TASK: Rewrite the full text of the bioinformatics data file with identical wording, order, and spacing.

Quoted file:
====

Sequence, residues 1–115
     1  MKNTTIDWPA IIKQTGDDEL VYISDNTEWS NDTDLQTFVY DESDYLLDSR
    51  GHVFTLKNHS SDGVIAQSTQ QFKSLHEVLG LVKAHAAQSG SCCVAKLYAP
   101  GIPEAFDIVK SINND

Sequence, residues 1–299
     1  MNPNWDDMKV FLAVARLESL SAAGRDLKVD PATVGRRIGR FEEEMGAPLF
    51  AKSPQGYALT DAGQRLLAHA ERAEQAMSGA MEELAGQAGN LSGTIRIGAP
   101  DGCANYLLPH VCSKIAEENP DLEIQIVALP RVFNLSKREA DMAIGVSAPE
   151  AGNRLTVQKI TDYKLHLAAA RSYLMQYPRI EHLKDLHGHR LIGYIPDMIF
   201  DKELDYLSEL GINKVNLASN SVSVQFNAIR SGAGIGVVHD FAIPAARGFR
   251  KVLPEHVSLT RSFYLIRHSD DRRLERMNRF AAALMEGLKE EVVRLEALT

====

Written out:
Sequence, residues 1–115
     1  MKNTTIDWPA IIKQTGDDEL VYISDNTEWS NDTDLQTFVY DESDYLLDSR
    51  GHVFTLKNHS SDGVIAQSTQ QFKSLHEVLG LVKAHAAQSG SCCVAKLYAP
   101  GIPEAFDIVK SINND

Sequence, residues 1–299
     1  MNPNWDDMKV FLAVARLESL SAAGRDLKVD PATVGRRIGR FEEEMGAPLF
    51  AKSPQGYALT DAGQRLLAHA ERAEQAMSGA MEELAGQAGN LSGTIRIGAP
   101  DGCANYLLPH VCSKIAEENP DLEIQIVALP RVFNLSKREA DMAIGVSAPE
   151  AGNRLTVQKI TDYKLHLAAA RSYLMQYPRI EHLKDLHGHR LIGYIPDMIF
   201  DKELDYLSEL GINKVNLASN SVSVQFNAIR SGAGIGVVHD FAIPAARGFR
   251  KVLPEHVSLT RSFYLIRHSD DRRLERMNRF AAALMEGLKE EVVRLEALT